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Andhra’s Three-Capital Bill Scrapped: Why It Was Thorny & Why Jagan Govt Gave Up Its Plan

The Andhra Pradesh government’s move to repeal the controversial AP Decentralisation and Inclusive Development of All Regions Act, 2020, has raised even more questions on why the state needed three capitals in the first place. Chief minister YS Jagan Mohan Reddy made the surprise announcement on Monday, even as the Andhra Pradesh assembly passed a bill to repeal the act intended to establish three capitals.

The AP Decentralisation and Inclusive Development of All Regions Act, 2020, would have allowed the state to have three capitals — Amaravati, Vishakhapatnam and Kurnool. The act, which was passed last year, focuses on decentralisation of the state. The act was passed alongside the repeal of an act passed by the previous TDP regime to build a grand capital at Amaravati. Reddy had argued that it made more sense to decentralise than to neglect other regions and focus on the development of one single capital. His predecessor and political rival Chandrababu Naidu had devised the idea of a state-of-the-art capital at Amaravati.

Reddy made it crystal clear that his government will come up with a “better and comprehensive” legislation, indicating he hasn’t dropped the three capitals move altogether.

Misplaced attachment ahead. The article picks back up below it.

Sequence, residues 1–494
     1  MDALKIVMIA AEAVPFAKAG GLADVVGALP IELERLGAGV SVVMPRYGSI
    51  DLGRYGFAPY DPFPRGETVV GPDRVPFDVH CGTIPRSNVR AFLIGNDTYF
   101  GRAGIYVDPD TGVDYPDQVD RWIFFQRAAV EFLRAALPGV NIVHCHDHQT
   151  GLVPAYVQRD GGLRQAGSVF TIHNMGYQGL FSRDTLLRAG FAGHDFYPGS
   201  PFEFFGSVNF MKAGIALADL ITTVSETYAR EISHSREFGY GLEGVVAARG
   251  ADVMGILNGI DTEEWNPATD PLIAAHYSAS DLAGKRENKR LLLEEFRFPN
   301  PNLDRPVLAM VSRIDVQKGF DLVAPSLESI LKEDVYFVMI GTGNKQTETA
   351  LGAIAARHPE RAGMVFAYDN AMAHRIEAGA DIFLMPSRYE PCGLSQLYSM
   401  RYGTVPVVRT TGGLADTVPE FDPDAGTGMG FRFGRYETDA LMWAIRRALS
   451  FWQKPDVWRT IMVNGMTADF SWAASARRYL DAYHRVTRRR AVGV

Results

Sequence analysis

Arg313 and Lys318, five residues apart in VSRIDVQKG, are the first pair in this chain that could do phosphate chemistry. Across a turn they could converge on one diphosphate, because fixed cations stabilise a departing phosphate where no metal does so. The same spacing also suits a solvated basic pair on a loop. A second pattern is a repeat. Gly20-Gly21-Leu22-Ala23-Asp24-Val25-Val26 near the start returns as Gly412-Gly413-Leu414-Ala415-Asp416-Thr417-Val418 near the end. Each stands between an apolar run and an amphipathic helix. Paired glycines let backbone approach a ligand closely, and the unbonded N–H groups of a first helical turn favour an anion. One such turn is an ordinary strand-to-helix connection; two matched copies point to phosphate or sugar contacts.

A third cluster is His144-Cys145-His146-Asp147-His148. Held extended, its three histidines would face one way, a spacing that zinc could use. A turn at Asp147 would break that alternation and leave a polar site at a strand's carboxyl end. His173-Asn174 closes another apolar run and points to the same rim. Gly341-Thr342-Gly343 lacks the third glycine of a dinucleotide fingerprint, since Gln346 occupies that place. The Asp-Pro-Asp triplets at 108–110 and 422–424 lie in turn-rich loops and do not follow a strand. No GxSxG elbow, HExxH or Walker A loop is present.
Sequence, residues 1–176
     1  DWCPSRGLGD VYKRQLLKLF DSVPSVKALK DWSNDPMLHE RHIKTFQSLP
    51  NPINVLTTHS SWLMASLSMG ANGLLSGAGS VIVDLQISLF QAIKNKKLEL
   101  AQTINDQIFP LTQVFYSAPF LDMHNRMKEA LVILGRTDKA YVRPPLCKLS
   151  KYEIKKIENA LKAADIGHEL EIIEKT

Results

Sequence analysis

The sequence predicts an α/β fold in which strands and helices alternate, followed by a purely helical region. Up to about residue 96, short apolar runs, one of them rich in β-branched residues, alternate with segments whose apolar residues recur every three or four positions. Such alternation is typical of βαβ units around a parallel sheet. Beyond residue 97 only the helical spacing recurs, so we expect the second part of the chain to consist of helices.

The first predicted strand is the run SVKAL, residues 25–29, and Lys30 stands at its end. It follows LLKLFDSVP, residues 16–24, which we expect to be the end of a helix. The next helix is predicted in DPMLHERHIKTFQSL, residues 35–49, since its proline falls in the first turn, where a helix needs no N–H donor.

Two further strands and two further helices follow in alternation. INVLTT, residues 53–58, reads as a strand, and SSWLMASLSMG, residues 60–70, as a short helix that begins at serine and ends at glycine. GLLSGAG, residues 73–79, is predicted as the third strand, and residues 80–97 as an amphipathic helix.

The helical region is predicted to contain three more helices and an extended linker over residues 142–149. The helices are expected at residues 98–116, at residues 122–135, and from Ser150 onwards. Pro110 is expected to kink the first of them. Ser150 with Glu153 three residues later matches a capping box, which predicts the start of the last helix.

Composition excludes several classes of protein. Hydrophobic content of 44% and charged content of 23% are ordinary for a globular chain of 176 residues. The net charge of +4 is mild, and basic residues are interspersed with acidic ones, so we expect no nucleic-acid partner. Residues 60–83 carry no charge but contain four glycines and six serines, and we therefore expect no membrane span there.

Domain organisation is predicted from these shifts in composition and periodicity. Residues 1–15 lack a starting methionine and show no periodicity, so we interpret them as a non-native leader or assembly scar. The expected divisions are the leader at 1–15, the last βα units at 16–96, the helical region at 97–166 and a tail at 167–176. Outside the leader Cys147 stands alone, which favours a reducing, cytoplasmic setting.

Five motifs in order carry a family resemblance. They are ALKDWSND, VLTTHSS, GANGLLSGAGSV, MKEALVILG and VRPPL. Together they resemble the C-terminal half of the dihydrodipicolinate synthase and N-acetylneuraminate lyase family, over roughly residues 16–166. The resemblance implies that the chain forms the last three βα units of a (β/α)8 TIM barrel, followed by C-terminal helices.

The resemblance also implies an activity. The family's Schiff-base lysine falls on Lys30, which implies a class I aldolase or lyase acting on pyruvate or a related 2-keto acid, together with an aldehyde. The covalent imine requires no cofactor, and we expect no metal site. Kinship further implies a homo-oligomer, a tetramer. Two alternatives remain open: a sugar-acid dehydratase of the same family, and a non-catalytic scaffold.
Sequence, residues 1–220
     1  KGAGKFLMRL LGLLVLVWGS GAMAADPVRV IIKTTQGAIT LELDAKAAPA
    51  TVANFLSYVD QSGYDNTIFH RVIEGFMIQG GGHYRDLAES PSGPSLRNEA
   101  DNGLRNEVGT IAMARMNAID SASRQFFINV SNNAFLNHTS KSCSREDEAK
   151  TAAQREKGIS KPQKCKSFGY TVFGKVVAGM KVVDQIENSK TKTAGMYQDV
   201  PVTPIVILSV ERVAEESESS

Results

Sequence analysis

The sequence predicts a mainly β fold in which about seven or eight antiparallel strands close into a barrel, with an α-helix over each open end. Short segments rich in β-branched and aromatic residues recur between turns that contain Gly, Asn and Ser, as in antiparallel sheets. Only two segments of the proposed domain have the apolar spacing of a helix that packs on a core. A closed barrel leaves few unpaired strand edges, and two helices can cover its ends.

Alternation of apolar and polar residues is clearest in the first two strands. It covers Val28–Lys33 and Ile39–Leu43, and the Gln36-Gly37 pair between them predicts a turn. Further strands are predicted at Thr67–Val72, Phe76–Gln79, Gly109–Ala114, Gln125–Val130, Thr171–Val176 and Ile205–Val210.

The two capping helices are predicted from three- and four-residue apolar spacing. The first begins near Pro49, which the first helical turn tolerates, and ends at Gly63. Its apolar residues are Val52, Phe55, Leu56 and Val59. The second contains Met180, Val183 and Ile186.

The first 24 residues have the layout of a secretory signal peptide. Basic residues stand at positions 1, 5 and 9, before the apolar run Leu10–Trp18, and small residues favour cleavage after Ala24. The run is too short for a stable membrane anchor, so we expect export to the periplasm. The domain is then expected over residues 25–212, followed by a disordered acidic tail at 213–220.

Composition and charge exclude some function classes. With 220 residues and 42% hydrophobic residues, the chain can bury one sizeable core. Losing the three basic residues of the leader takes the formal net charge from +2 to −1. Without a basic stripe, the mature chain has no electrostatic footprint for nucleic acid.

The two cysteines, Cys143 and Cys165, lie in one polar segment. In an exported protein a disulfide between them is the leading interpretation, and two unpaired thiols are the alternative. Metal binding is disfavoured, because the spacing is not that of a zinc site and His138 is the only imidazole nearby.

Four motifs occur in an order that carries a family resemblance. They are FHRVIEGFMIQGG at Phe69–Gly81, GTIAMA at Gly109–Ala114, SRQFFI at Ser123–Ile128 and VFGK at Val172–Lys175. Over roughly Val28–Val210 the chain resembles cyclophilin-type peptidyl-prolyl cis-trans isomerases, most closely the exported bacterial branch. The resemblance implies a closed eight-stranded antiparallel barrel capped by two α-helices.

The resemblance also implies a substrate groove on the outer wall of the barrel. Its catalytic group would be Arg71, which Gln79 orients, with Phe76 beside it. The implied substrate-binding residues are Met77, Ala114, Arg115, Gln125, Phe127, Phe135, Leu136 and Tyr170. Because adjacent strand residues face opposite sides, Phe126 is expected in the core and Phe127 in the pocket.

Effectively, the old Capital Region Development Act, 2014, will come into force now, which means Amaravati will be the working capital until a new decision is taken. Last year, the then governor, Biswa Bhusan Harichandan, had signed two bills – the Andhra Pradesh decentralisation and inclusive development of all regions bill, 2020, and the AP capital region development authority (repeal) bill, 2020, that involved setting up executive, legislative and judicial capitals at Vishakhapatnam, Amaravati and Kurnool.

The act ran into controversy when thousands of farmers, who gave up over 34,000 acres of fertile land for setting up the state capital in Amaravati, challenged the two laws in the high court. More than 100 petitions were filed by the farmers in this regard. Many other petitions regarding logistical issues in coordination between the three capitals and misuse of taxpayers’ money also came up. Some others argued that it would be a burden on the exchequer to build two more capitals as a significant amount of public funds had already been spent on the infrastructure to make Amaravati the capital city.


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